Monday, 16 December 2013

Oscars 2014: Will Gravity Pave The Way For Science Fiction At The Academy Awards?

I just don’t get it.

For decades, the Academy Awards have claimed to celebrate the best cinematic achievements of the year but unfortunately, this only applies to the golden few. If your film is a historical drama based on real events and happens to feature a transformative performance from Meryl Streep, then you’re in luck. However, if you deviate from this tried and tested Academy formula in any way, your chances of even being nominated for an Oscar diminish greatly.

So-called ‘lowbrow’ genres such as horror and fantasy have had a pretty rough deal at the Oscars but in my opinion, sci-fi has suffered most of all, despite its often cerebral content. Sure, for every Blade Runner you get twenty Oblivion’s but isn’t that true of all genres? Does that mean historical drama 12 Years a Slave shouldn’t be considered by the Academy just because Pearl Harbour exists?
Classic sci-fi can showcase the craft of writing and acting just as well as any genre if in the right hands, yet the Academy tends to just view science fiction as a showcase for visual effects. Don’t worry though guys! Who needs a Best Picture win when you can receive the award for… Best Visual Effects. Oh... My condolences Spielberg and Kubrick. Apparently A Clockwork Orange and ET just aren’t as good as The French Connection and Gandhi. Never mind. There’s always the Saturn Awards.

Quite frankly, it's embarrassing that a body called the Academy of Motion Picture Arts and Sciences regularly fails to recognise science fiction. The techniques developed during the production of some of the sci-fi greats have forever changed the way cinema is made yet little recognition is given for these achievements. Poor Cameron, crying into his millions…

Now, here are some facts that may shock and disturb your die-hard love of sci-fi to its core. Since the Academy Awards began in 1929, over five hundred films have been nominated for the coveted Best Picture trophy. Out of those, only six were science fiction. Six. That’s not great… but it gets even worse. Not a single one of these films even won. To date, a sci-fi movie has never been deemed worthy of a Best Picture award by the Academy. I can just hear the voters now;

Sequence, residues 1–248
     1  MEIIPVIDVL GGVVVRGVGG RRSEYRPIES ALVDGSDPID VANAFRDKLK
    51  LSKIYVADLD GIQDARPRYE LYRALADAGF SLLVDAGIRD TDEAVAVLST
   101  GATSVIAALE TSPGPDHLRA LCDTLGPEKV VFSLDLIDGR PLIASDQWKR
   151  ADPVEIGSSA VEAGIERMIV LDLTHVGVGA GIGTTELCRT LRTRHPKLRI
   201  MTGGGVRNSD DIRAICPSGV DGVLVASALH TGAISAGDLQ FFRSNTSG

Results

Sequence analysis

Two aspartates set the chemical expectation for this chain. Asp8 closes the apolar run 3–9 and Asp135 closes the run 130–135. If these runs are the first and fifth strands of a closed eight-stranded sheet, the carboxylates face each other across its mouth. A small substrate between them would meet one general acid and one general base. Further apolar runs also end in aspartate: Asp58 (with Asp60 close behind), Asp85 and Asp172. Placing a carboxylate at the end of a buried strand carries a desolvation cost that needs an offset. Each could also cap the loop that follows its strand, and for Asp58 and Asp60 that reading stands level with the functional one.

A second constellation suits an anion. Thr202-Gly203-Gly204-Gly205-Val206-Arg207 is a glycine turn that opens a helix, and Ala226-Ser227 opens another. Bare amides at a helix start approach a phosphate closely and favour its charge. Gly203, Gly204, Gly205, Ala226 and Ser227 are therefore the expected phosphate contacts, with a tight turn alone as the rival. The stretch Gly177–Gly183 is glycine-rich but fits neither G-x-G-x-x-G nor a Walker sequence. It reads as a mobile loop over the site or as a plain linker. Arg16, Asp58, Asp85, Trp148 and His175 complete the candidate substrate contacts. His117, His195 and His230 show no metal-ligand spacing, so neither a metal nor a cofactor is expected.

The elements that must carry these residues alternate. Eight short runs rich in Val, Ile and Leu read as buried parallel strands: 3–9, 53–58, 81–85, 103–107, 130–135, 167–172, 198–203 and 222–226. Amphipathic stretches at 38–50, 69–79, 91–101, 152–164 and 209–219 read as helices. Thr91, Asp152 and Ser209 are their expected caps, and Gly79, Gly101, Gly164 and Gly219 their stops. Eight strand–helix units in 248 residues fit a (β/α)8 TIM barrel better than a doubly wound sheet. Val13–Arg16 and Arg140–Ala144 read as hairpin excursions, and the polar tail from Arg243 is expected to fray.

A Clockwork Orange? “What’s up with that penis sculpture?”
Star Wars? “Who shot first again?”
ET? “So his finger’s a phone…”
Avatar? “Urgh I hate cartoons!”
District 9? “The prawns are aliens who are a metaphor for apartheid…say what?”
Inception? You’re dreaming if you think a sci-fi will beat The King’s Speech!”

And what about the incredible science fiction films that didn’t even receive a Best Picture nomination? 2001, Close Encounters, Moon… the list goes on.
The trend seems to be improving in recent years, as more and more science fiction films are receiving nominations, but it could be argued that this is only happening because the amount of nominees has also increased. Would Avatar and District 9 have both received nominations in the same year if only five films had been nominated instead of ten?